In the book The Catcher in the Rye by J.D. Salinger, Holden is unable to have any type of sexual intercourse or sexual contact with females because he is afraid of loosing his innocence. One can come to this conclusion using all of the facts and details about Holden’s strong belief in staying pure and innocent from the book. Details in the book show signs that Holden’s belief of protecting innocence dwindles his attempts at any type of sexual intercourse with girls/women. Specifically Sunny, the prostitute and Jane Gallagher, Holden’s childhood romance.
When Holden was at Jane Gallagher’s house, Holden noticed that she felt insecure and uncomfortable around Mr. Cudahy. When he asked if there were any cigarettes in the house she did not respond. Holden immediately became protective of her and suspicious of Mr. Cudahy. When Jane started to cry, he began to comfort her. Then when Holden began kissing her, the only thing Holden could do to comfort her was hold her hand and kiss because he is afraid of losing both their innocence. (Salinger 79) “I asked her, on the way, if Mr. Cudahy- that was the booze hounds name-had ever tried to get wise with her.” This scene demonstrates an immense amount of Holden’s belief in innocence because he fears Jane has succumbed to Mr. Cudahy.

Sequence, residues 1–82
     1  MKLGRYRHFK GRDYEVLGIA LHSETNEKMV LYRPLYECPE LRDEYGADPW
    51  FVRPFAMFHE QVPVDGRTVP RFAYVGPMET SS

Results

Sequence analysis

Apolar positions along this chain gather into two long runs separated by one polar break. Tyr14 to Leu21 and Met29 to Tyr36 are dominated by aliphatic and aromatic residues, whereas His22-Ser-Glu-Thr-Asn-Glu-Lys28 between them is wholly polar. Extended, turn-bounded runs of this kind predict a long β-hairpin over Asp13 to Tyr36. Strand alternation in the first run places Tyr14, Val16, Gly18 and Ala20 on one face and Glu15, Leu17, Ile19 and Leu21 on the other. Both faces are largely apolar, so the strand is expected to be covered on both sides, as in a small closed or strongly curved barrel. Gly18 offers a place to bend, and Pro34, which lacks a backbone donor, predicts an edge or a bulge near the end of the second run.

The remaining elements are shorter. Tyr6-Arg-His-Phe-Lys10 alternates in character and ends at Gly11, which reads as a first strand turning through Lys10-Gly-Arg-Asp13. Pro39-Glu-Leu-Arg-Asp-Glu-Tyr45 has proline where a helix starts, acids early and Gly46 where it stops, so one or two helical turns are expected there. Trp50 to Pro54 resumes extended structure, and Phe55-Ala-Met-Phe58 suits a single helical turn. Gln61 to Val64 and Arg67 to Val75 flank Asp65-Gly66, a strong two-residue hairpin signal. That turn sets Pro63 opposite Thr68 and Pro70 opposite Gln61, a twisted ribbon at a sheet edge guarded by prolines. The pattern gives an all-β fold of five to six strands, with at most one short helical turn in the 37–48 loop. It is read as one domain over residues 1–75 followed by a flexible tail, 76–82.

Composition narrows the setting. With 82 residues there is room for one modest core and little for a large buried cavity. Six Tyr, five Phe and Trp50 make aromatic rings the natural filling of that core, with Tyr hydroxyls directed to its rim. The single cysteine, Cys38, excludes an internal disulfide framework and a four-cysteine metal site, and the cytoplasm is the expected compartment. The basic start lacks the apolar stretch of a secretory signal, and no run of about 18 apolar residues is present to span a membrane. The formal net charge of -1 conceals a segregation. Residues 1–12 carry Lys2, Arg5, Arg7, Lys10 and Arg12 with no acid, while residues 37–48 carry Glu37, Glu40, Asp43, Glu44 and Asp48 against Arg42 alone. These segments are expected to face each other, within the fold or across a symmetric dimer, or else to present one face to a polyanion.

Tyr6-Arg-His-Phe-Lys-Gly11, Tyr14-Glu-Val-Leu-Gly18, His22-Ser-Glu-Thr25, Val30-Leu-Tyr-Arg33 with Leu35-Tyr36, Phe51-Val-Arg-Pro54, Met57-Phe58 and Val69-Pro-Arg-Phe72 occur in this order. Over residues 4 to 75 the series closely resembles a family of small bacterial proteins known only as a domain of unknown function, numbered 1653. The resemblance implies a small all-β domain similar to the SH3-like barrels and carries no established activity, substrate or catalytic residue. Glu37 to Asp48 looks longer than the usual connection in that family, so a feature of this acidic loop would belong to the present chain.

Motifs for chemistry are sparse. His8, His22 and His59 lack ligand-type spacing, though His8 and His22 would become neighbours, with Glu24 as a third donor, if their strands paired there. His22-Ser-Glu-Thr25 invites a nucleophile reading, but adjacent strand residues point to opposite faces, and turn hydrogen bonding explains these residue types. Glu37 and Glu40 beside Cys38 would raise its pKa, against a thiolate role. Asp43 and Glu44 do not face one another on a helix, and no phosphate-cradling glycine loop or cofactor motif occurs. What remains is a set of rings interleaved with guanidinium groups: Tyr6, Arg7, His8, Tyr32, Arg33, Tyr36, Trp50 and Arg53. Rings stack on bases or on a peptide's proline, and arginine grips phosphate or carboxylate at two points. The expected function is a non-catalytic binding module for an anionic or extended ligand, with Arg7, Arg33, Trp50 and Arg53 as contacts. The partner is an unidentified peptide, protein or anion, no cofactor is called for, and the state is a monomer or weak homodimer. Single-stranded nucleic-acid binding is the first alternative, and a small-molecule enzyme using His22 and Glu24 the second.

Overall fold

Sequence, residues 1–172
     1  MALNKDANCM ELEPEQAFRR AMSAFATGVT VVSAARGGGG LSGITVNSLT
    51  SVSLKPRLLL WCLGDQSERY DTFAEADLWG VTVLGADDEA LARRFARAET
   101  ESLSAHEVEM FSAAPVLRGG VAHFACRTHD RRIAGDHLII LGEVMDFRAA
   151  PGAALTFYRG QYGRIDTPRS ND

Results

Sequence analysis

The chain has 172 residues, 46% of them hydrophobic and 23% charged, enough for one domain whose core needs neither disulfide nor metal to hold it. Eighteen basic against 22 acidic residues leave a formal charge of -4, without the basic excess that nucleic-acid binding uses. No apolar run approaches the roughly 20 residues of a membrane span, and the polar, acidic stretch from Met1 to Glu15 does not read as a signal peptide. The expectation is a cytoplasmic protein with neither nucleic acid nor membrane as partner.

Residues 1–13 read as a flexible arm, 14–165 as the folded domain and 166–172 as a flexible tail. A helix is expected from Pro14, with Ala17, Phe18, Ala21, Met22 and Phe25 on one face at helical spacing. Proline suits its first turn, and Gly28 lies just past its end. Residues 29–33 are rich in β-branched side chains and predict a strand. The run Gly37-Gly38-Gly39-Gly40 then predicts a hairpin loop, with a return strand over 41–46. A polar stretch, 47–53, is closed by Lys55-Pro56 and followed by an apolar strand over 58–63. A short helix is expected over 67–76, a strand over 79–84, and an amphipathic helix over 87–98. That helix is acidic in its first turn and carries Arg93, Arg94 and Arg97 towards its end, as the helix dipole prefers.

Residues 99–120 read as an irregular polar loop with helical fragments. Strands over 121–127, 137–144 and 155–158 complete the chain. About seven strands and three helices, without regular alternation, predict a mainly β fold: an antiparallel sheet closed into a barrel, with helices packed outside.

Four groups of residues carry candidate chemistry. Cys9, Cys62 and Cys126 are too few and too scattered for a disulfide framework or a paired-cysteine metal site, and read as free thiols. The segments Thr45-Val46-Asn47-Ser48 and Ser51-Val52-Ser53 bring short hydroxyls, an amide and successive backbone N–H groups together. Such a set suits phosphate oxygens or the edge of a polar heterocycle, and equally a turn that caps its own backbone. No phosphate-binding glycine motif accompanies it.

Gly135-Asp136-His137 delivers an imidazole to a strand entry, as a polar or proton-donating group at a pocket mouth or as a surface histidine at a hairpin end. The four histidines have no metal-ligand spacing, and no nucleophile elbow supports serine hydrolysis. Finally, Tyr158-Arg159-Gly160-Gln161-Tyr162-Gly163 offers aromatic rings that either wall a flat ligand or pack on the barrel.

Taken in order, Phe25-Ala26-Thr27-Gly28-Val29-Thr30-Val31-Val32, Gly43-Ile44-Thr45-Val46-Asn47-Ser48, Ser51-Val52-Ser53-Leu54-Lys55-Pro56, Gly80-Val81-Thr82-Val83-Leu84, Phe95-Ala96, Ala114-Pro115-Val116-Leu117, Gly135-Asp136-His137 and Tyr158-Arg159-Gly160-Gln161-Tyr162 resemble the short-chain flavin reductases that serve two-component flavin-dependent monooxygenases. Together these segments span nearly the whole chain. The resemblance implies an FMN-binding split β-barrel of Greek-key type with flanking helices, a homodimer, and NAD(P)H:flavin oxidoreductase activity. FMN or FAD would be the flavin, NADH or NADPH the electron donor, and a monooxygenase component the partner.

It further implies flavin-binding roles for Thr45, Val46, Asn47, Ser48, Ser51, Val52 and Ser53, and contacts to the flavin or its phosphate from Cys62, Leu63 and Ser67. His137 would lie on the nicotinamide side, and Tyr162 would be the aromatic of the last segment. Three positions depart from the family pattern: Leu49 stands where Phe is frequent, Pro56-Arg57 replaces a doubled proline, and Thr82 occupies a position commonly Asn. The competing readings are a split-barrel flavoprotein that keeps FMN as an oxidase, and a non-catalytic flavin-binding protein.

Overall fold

Another example, (Salinger 43) “What’d you do?” “Give her the time of day in Ed Banky’s car. Holden is afraid that Jane has forfeited her innocence to Stradlater and this makes Holden act out in irrational behavior. When Holden is with Sunny, the prostitute , Holden displays proof of not being able to have sexual intercourse because he is afraid of loosing his innocence. When Sunny pulls her dress over her head, Holden acts different then the normal male. (Salinger 95) “I felt much more depressed than sexy” (Salinger 95) “Don’t you feel like talking for a while?”(Salinger 95) Holden is trying to avoid having sexual intercourse with...
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